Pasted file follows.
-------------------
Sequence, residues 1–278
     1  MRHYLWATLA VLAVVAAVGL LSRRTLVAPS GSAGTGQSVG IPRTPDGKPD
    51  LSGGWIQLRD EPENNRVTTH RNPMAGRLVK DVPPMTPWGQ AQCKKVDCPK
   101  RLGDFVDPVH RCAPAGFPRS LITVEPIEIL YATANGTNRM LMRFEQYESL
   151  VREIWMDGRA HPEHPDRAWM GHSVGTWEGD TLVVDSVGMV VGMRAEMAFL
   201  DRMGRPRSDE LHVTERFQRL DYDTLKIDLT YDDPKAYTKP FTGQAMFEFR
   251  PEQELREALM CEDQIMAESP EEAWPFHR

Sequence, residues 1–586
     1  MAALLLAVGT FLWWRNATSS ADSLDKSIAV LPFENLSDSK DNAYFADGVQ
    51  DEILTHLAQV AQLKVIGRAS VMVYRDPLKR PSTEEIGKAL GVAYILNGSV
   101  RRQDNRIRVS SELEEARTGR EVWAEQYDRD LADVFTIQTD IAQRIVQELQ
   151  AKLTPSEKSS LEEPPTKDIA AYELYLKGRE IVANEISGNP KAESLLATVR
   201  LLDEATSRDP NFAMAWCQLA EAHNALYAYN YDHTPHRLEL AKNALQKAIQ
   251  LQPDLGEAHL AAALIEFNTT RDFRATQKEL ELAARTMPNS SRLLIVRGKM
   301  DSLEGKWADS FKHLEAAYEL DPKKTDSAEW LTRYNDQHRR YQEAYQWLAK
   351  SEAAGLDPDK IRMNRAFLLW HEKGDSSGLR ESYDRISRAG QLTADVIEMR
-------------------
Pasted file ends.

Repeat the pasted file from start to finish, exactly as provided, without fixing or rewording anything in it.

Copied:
Sequence, residues 1–278
     1  MRHYLWATLA VLAVVAAVGL LSRRTLVAPS GSAGTGQSVG IPRTPDGKPD
    51  LSGGWIQLRD EPENNRVTTH RNPMAGRLVK DVPPMTPWGQ AQCKKVDCPK
   101  RLGDFVDPVH RCAPAGFPRS LITVEPIEIL YATANGTNRM LMRFEQYESL
   151  VREIWMDGRA HPEHPDRAWM GHSVGTWEGD TLVVDSVGMV VGMRAEMAFL
   201  DRMGRPRSDE LHVTERFQRL DYDTLKIDLT YDDPKAYTKP FTGQAMFEFR
   251  PEQELREALM CEDQIMAESP EEAWPFHR

Sequence, residues 1–586
     1  MAALLLAVGT FLWWRNATSS ADSLDKSIAV LPFENLSDSK DNAYFADGVQ
    51  DEILTHLAQV AQLKVIGRAS VMVYRDPLKR PSTEEIGKAL GVAYILNGSV
   101  RRQDNRIRVS SELEEARTGR EVWAEQYDRD LADVFTIQTD IAQRIVQELQ
   151  AKLTPSEKSS LEEPPTKDIA AYELYLKGRE IVANEISGNP KAESLLATVR
   201  LLDEATSRDP NFAMAWCQLA EAHNALYAYN YDHTPHRLEL AKNALQKAIQ
   251  LQPDLGEAHL AAALIEFNTT RDFRATQKEL ELAARTMPNS SRLLIVRGKM
   301  DSLEGKWADS FKHLEAAYEL DPKKTDSAEW LTRYNDQHRR YQEAYQWLAK
   351  SEAAGLDPDK IRMNRAFLLW HEKGDSSGLR ESYDRISRAG QLTADVIEMR